Foreign Affairs is currently carrying a piece by Christopher Swift entitled “The Drone Blowback Fallacy.” In it, Swift uses evidence gathered from his 40 interviews with “tribal leaders, Islamist politicians, Salafist clerics, and other sources” in Yemen to conclude
As much as al Qaeda might play up civilian casualties and U.S. intervention in its recruiting videos, the Yemeni tribal leaders I spoke to reported that the factors driving young men into the insurgency are overwhelmingly economic… to my astonishment, none of the individuals I interviewed drew a causal relationship between U.S. drone strikes and al Qaeda recruiting. Indeed, of the 40 men in this cohort, only five believed that U.S. drone strikes were helping al Qaeda more than they were hurting it. . . . .
Ordinary Yemenis see the drones as an affront to their national pride. “Drones remind us that we don’t have the ability to solve our problems by ourselves,” one member of the Yemeni Socialist Party said. “If these were Yemeni drones, rather than American drones, there would be no issue at all.”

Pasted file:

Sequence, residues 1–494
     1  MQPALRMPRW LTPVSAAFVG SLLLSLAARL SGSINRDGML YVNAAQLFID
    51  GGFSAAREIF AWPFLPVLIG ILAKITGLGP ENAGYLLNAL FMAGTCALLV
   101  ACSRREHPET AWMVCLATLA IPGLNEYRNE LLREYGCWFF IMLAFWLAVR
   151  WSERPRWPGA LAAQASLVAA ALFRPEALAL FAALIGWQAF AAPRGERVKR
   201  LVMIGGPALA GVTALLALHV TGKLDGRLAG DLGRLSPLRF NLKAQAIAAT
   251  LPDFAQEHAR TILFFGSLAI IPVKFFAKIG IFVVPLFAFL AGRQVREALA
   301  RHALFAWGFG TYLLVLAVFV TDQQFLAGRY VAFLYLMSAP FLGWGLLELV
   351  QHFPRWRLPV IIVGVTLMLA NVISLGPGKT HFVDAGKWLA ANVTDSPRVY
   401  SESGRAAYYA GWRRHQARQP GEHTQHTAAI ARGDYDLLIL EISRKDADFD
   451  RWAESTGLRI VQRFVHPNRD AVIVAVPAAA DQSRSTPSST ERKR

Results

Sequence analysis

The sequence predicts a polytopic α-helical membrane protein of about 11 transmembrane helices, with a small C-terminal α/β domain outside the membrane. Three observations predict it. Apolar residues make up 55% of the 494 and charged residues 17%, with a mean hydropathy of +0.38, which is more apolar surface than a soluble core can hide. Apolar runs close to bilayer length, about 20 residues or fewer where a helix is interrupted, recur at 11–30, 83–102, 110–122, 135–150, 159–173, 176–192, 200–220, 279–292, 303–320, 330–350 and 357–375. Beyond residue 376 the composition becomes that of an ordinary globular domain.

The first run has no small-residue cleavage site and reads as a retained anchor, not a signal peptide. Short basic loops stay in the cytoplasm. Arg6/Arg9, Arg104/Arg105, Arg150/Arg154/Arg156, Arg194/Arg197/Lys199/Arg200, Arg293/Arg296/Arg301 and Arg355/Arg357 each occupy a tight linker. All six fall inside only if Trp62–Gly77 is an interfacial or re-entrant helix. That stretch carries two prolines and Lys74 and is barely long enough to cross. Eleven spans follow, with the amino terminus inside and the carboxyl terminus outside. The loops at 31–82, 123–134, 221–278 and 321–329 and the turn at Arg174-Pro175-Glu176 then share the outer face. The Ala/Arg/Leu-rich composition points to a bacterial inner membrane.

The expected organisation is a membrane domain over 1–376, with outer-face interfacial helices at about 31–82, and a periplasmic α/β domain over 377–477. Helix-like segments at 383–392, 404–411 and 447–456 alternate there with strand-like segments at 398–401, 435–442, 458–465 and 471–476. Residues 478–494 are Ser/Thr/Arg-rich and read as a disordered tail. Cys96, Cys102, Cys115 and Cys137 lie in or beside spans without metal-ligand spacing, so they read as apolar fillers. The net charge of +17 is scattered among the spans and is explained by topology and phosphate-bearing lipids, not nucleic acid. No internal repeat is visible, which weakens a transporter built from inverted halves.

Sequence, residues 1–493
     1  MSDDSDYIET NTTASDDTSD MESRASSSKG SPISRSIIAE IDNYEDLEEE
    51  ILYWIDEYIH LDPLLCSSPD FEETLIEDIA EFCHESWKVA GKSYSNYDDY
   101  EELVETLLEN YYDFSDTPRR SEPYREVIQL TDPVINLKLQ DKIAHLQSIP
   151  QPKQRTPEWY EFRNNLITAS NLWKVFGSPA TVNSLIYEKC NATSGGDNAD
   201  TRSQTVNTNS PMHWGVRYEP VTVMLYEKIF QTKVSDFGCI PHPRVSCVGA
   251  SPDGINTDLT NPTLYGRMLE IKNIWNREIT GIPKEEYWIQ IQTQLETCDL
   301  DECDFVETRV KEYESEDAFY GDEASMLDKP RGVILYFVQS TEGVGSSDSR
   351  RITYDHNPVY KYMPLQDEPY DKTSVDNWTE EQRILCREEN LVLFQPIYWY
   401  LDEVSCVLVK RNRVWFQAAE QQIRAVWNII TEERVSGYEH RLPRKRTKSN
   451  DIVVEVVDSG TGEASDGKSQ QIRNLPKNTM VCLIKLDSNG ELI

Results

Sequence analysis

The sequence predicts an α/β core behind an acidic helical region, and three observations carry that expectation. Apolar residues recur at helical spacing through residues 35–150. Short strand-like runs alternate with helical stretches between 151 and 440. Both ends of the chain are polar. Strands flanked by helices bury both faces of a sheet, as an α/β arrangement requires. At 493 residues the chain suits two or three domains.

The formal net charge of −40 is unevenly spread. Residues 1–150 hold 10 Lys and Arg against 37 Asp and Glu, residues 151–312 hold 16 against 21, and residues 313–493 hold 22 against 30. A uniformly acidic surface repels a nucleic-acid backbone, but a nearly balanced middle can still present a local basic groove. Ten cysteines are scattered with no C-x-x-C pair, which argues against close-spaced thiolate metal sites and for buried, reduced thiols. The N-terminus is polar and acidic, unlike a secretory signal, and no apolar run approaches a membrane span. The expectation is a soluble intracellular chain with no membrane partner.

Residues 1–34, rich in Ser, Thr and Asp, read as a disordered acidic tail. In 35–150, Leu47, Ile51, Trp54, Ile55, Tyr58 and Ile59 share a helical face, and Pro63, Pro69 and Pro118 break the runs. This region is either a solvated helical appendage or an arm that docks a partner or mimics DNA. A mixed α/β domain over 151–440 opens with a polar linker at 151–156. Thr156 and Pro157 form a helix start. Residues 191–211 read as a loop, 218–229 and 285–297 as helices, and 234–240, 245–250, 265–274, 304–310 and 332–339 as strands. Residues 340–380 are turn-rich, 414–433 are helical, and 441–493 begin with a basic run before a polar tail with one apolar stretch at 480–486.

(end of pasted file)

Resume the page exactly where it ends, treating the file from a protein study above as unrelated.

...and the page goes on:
Information from 40 interviews certainly isn’t enough to draw any real conclusions about the causal relationship between drone strikes and militancy, particularly as there is likely to have been both selection and social desirability bias. Nonetheless, the evidence from which Swift draws supports some of the anecdotal evidence outlined in my previous post. I also agree that national pride is a significant factor in analyzing how people respond to the drones.
Swift ends his piece with two “lessons”:
First, as long as drones target legitimate terrorists, Yemenis begrudgingly acknowledge their utility. And second, the more Yemenis perceive the United States as a serious partner, the less drones will pique their national pride.
It would be interesting to see how the situation develops in Yemen, and it would be entirely too simple to think that the lessons learned (not yet learned?) in Pakistan should apply in another country. Still, I disagree with both of Swift’s conclusions, at least in their application to the situation in Pakistan, where information about, and transparency around, drone strikes is either lacking or contested where available, and where perceiving the U.S. “as a serious partner” is more easily said than done.